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AOC, a dark money critic, linked to questionable campaign finance tactic

Politicians who challenge the status quo must remember they live in a very large glass house, their critics always poised to throw the first stone. It's one reason why so few members openly challenge the ethical or ideological baselines in Congress, lest they become vulnerable to being pilloried as hypocrites.

Alexandria Ocasio-Cortez is an exception that proves the rule on this front, her eagerness to passionately challenge convention topping the reasons why she stands apart as the most prominent and polarizing first-term House member in decades. The self-described democratic socialist has already parried charges of duplicity on several symbolically resonant fronts — making tabloid headlines in recent days, for example, by choosing a car over the subway back home in New York while championing a Green New Deal as her signature issue.

Now comes a charge of hypocrisy that's maybe more serious.

Saikat Chakrabarti, who's now chief of staff after running the Ocasio-Cortez campaign last year, helped create a pair of political action committees that paid his political consultancy, Brand New Congress, more than $1 million in 2016 and 2017, federal campaign finance records show. Chakrabarti's firm also got $18,880 from the campaign in its early stages, after which he worked as a volunteer.

But that arrangement, "first reported by conservative outlets, left hidden who ultimately profited from the payments — a sharp juxtaposition with Ocasio-Cortez's calls for transparency in politics," The Washington Post noted.

A conservative group filed a complaint with the Federal Election Commission on Monday alleging the PACs wrongly shielded the spending from disclosure.

An attorney for the PACs, the consulting firm and the congresswoman's campaign, David Mitrani, said in a statement Tuesday that none of his clients did anything illegal. But watchdog groups suggested the arrangement was unduly evasive, especially for someone aligned with a politician who has labeled dark money "the enemy to democracy."

"In a normal situation, if all you saw was a PAC that disbursed hundreds of thousands of dollars to an affiliated entity to pay the salaries of people who were really working for the PAC, that looks like ... a PAC that takes in money to engage in political activity but is actually enriching its owners," Adav Noti, a former Federal Election Commission lawyer who is now a transparency advocate at the Campaign Legal Center, told The Post.

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We can and must embrace our diversity as the operating system of our nation, write the leaders of the Bridge Alliance.

Diverse people must be in every room where decisions are made

Molineaux and Nevins are co-founders of the Bridge Alliance, a coalition of 100 democracy strengthening organizations. (Disclosure: The Bridge Alliance Education Fund is a funder of The Fulcrum.)

As we look to history, it has always been the mystics and scientists, innovators and outliers who saw the future most clearly and acted to push — or call — society forward, to awaken from our slumber of the way things are and envision a better future. The stories of their personal transformation inspire us to be better individually and collectively. With this inspiration, we can and must transform our nation into a more perfect union.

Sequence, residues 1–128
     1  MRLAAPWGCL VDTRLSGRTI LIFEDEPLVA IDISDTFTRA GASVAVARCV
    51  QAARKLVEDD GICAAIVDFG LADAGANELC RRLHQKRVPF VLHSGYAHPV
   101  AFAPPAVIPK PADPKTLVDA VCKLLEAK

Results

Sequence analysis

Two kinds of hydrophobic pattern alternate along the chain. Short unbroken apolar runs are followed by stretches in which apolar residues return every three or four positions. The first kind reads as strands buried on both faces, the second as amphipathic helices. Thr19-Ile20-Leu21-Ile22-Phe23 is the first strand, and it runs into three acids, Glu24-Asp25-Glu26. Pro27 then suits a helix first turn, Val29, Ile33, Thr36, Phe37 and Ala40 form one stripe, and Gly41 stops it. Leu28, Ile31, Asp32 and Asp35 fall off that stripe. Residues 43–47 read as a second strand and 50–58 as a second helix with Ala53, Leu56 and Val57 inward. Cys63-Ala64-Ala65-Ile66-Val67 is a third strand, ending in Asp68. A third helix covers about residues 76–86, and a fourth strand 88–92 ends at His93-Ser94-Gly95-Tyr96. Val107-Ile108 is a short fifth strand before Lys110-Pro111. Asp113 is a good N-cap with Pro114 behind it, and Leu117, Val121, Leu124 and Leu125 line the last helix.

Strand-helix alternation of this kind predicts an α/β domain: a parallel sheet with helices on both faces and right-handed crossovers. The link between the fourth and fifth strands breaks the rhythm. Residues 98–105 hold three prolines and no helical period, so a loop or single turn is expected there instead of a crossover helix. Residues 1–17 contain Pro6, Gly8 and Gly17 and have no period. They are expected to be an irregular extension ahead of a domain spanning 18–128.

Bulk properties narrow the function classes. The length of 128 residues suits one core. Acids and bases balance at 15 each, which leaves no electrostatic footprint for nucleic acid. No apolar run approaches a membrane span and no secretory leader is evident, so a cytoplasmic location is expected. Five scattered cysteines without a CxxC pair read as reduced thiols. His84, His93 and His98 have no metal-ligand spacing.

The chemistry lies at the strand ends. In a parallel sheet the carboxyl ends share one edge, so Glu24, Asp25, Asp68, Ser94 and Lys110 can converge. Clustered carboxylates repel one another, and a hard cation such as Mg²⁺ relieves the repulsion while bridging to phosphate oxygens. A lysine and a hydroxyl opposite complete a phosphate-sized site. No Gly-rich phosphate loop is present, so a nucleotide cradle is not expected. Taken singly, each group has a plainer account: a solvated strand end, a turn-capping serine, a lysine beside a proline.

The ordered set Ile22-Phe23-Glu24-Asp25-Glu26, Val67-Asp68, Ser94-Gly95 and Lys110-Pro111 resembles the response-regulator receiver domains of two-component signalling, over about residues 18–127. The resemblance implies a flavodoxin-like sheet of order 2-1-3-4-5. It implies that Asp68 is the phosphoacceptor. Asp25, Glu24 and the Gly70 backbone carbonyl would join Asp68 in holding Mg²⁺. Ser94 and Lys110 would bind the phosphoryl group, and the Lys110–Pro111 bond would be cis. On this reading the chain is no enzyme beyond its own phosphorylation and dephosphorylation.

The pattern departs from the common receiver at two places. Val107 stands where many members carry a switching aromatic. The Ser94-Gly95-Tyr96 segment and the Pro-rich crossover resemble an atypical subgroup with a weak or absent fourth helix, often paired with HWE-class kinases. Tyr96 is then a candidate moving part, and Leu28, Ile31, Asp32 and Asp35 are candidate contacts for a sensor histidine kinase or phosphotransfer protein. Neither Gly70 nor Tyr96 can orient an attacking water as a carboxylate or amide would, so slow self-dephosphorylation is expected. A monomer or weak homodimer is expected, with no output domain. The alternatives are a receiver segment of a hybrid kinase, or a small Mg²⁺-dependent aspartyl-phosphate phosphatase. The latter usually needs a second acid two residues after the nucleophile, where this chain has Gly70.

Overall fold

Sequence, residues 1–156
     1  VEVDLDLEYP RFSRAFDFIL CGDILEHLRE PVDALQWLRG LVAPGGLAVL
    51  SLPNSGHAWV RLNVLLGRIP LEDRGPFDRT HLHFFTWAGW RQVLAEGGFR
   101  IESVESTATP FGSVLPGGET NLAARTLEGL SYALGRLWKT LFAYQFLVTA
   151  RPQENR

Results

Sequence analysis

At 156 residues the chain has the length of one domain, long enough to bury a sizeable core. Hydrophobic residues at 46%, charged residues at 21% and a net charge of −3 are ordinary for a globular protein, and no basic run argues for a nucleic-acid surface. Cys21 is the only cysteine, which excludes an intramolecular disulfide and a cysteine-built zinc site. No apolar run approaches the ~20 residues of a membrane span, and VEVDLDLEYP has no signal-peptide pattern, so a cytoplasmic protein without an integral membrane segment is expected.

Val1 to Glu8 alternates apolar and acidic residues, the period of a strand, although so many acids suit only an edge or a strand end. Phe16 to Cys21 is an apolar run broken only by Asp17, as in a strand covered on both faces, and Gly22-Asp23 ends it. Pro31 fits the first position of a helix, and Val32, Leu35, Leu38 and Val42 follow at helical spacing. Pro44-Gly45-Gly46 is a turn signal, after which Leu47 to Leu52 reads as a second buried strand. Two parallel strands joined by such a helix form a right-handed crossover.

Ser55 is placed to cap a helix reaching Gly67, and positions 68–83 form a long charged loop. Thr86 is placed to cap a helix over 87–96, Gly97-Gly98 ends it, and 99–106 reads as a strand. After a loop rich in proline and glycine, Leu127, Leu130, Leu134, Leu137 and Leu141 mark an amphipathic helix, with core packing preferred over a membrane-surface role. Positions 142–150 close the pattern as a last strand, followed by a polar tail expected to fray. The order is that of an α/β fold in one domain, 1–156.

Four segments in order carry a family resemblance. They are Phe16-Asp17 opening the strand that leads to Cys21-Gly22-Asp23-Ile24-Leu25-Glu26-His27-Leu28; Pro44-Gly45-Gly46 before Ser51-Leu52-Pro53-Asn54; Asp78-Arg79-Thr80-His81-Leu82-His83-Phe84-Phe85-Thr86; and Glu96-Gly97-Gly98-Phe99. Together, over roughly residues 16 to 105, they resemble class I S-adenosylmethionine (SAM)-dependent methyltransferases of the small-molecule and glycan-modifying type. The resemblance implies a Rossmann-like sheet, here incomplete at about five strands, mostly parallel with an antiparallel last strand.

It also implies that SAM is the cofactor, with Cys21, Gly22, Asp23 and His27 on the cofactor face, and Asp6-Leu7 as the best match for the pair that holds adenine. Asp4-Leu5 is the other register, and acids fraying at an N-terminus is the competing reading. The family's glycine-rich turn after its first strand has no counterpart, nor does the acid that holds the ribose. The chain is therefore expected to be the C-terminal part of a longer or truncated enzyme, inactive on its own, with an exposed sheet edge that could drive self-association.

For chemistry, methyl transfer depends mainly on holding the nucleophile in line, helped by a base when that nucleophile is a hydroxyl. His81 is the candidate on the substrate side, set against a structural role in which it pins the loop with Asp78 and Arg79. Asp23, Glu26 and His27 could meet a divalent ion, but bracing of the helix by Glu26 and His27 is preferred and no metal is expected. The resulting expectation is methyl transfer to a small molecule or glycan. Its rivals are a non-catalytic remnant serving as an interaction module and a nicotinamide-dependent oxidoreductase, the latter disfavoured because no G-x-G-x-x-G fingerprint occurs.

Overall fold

As co-founders of the Bridge Alliance, we are inspired and challenged by the problems facing our country. Our 100 member organizations work daily to protect the ideals of our American Dream so we can create healthy self-governance that has never fully existed before. Our members work to harness the tension of our differences as we enact our inalienable right to life, liberty and the pursuit of happiness, balancing individual and community needs.

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The Federal Voting Assistance Program assists military members who need to vote via absentee ballot. A spokeswoman for the Defense Department said there would be "minimal disruptions" if the United States pulls out of the international postage agency.

Costs to mail ballots may skyrocket for civilians, military living overseas

Election officials are growing increasingly concerned that the Trump administration's trade war with China could make it more difficult and expensive for overseas voters — including those in the military — to cast ballots in the 2019 and 2020 local, state and federal elections.

The issue is the pending withdrawal in October by the U.S. from the Universal Postal Union, a group of 192 nations that has governed international postal service and rates for 145 years.

Last October, the U.S. gave the required one-year notice stating it would leave the UPU unless changes were made to the discounted fees that China pays for shipping small packages to the United States. The subsidized fees — established years ago to help poor, developing countries — place American businesses at a disadvantage and don't cover costs incurred by the U.S. Postal Service.

With the U.S.-imposed deadline for withdrawal or new rates fast approaching, states officials are running out of time to prepare for overseas mail-in voting.

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